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Thread: Older style craftsmen jointers

  1. #16
    Join Date
    May 2005
    Highland MI
    Blog Entries
    I have the 6" Craftsman King Seeley version going on 35 years now. Has served me admirably, pitted beds and all. Setting knives is no big deal once you learn how using the drag-a-straightedge 3/16" method. I did upgrade the motor a bit years ago and had to build a custom dust collection shroud. Would I take a brand new 8" jointer? You bet.
    NOW you tell me...

  2. #17
    I had a Craftsman 6” Jointer with fixed outfeed table for more than 30 years. I learned to sharpen and set the blades. Standard sliding block measurement technique has already been mentioned. It works well but is slow. I can tell you my techniques if you buy one and have problems. I am a slow-moving, meticulous sort of woodworker. I like to get things adjusted accurately. Others may be less patient. Also, I was a hobbyist and had limited funds. Nonetheless, I and friends who used my shop built a lot of furniture using it mainly for edge jointing.

    If you can afford something with longer beds, wider cutting head or better dust collection by all means get it. These are obvious weaknesses of this model. The jointing function is a pretty simple machine and this one can do it. Just be sure the beds are flat, all the parts are there (spares are basically not available), and the motor runs. I sold 2 of these in the early 2000’s for $100-125 each. One was my father’s, the other was mine. Both were in perfect working condition.

  3. #18
    Join Date
    Mar 2018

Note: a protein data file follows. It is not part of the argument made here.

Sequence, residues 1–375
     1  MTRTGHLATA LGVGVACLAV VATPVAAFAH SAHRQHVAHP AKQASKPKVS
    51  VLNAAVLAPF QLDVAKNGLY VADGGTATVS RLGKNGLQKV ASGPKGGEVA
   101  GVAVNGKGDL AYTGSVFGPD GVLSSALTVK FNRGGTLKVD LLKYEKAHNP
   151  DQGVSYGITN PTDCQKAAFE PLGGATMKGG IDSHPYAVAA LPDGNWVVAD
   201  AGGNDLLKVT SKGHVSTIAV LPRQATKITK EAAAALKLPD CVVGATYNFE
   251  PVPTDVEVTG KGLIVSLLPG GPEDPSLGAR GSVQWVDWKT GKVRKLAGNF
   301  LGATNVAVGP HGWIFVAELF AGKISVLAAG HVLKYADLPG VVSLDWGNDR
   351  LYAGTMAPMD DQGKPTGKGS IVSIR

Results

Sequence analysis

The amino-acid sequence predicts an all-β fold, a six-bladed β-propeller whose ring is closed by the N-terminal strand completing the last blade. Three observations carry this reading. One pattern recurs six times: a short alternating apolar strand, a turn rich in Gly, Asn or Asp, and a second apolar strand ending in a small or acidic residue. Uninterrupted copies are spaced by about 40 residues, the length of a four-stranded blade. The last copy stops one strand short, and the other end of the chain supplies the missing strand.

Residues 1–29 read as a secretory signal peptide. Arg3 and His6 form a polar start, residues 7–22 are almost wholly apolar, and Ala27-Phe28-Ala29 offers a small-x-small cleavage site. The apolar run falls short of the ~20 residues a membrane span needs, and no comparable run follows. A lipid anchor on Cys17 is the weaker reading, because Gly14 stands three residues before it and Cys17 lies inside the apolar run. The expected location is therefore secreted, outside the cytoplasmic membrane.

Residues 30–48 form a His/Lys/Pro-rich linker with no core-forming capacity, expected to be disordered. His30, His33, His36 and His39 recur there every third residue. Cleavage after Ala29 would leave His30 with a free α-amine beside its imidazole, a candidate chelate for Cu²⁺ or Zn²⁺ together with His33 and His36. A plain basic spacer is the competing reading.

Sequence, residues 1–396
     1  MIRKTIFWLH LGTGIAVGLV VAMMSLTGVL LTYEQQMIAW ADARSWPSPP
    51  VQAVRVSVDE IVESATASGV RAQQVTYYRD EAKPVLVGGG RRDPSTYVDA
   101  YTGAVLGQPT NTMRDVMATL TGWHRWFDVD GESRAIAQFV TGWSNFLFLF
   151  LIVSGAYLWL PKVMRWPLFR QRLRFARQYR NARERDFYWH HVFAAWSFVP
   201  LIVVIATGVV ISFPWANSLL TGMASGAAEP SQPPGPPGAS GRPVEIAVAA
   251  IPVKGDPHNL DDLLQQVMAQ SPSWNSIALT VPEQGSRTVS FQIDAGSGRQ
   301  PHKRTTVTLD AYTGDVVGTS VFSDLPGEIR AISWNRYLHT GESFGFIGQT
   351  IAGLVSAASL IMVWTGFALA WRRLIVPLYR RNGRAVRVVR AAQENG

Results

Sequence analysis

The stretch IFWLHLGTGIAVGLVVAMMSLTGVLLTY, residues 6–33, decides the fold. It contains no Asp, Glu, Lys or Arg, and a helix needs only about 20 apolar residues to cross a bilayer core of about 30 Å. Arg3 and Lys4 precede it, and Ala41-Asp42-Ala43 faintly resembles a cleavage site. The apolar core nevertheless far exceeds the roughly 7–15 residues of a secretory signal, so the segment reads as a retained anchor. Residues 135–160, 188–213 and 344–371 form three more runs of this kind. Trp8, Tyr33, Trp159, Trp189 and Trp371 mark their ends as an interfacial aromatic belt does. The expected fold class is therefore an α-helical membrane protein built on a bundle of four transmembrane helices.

Orwell, NY
    The one I had was listed on Craigslist for $50 and about 5 miles from me. I bought it, used it for 10 years or more, and sold it for $100 this summer, after I bought the Jet. In that time I put in one set of knives, so I didn't use it hard, but it was used on every instrument I built, except for fiddles and mandolins.

  4. #19
    Join Date
    Nov 2006
    Quote Originally Posted by Curt Harms View Post
    What Andrew said. The fixed outfeed table would be a non-starter for me. I'm not familiar with vintage Craftsman machines, there may be old Craftsman jointers that have adjustable outfeed tables.

    lots of adjustable bed craftsman jointers out there.

    there are a lot of guys out there that are ignorant to the fact that many of the “fixed table “ craftsman jointer are actually adjustable by three screws from underneath. Some have an adjustable cutterhead in addition. Even with a fixed table design - I wouldn’t necessarily pass on a low priced example if the table and cutterhead are already properly adjusted.

    for certain , a modern designed jointer is easier to dial in if need be. But that doesn’t automatically make the older ones boat anchors. A cheap enough 6” jointer that is already properly set up is a great tool.

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